As the author notes, John Culkin said “We shape our tools and thereafter they shape us”. Nicholas Carr points out that how the human being thinks and acts has been heavily influenced by the tools we have created over the centuries – the clock, the map, the book. How then are we going to change as we become more heavily dependent on our latest tools, web-enabled computers? He looks at the scientific research into how our brains learn, think and remember, and how reading the printed book has strengthened and reinforced these skills in our brains. Then he looks at what the long-term effects of spending massive amounts of time online are going to be and the conclusions are not encouraging.
By spending much of their time online humans are developing “juggler’s brain”. We become better at cursory reading rather than deep reading. Our reading is more rushed, distracted and inefficient, rather than focused and contemplative. Our attention spans get shorter and there is cognitive overload of our working memory so that we have very poor transfer into long-term memory.
Why would we willingly come to rely on a tool that handicaps our brain and makes it harder to carry out the complicated, creative thought processes that have helped mankind to advance so far through the centuries? Well, for one thing, the addictive entertainment value of the Internet makes it hard to resist. Then it appears that the “juggler’s brain” is tapping into our species’ old pattern of behavior, scanning the environment for threats and opportunities rather than focusing on any one thing closely. Then we have the Googles and Microsofts of the world that have a vested interest in pushing as much human activity onto the Internet as possible to increase their revenues. Of course there are those in academia and the media who insist that any new technology is a better technology and any who resist the latest technology are Luddites. And of course up to this point we could plead ignorance and say that we did not realize the harm we were doing to our brains by allowing the Internet to take over our lives.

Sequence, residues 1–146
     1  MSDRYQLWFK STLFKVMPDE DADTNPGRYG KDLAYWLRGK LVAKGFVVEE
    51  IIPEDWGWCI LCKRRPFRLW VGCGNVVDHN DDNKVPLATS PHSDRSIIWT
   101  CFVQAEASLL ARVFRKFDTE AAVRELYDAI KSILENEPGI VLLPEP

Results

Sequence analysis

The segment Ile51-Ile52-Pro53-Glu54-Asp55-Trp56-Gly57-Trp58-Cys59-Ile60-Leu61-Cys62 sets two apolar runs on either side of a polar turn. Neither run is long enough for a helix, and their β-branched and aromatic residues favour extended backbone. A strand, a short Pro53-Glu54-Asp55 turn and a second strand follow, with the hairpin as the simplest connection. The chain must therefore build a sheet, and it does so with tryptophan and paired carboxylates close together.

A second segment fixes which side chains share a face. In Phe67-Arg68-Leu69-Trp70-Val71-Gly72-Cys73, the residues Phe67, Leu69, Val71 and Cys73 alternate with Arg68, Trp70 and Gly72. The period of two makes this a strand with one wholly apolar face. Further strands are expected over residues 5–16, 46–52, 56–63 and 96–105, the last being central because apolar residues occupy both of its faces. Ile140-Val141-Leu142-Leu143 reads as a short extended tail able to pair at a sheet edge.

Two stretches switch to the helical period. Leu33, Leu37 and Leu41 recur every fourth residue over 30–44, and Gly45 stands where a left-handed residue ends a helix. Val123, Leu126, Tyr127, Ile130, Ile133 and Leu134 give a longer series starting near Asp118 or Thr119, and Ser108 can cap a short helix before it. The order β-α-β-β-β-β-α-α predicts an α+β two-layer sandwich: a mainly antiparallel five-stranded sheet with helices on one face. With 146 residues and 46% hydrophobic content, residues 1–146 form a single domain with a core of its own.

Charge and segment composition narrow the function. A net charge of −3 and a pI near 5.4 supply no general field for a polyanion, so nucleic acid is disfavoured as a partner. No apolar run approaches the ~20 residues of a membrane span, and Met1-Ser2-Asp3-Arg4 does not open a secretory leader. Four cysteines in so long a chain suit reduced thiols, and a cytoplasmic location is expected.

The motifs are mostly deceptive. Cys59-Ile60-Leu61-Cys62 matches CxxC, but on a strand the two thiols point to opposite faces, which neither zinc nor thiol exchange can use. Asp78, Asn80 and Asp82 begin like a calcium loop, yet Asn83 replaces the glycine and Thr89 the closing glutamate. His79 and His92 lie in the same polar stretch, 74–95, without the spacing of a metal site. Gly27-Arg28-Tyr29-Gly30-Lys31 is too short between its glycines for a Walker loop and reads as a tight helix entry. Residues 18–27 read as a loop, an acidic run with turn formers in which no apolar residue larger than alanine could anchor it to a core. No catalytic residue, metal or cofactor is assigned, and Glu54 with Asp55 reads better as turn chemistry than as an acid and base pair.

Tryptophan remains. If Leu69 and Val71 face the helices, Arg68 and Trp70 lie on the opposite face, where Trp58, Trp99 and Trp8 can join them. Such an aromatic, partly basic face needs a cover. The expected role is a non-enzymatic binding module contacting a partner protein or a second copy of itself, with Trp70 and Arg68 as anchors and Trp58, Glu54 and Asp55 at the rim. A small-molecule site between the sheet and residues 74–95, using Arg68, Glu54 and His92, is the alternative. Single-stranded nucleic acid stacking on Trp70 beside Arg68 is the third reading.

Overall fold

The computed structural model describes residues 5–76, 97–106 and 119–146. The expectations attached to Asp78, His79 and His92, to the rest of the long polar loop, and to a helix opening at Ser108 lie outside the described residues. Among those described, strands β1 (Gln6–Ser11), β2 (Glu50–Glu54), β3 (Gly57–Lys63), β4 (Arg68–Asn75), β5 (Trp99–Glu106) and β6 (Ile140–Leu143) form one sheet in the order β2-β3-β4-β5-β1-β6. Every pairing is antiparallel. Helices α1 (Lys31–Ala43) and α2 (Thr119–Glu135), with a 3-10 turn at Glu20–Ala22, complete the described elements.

But the research is stacking up and this book is a call to arms. Facebook, youtube, google, etc. are quickly taking over our home lives so the public schools are the logical place to counterbalance the effects of the Internet by effective use of print resources to help young people become strong readers and thinkers. When television took over as the popular media the schools didn’t respond by replacing all their books with videos. But will the schools take the path of least resistance and replace the school library with Google and ebooks and create a generation of surfers and cut-and-pasters? Only time will tell, and at the moment it doesn’t look encouraging.
– Reviewed by Bob Sibert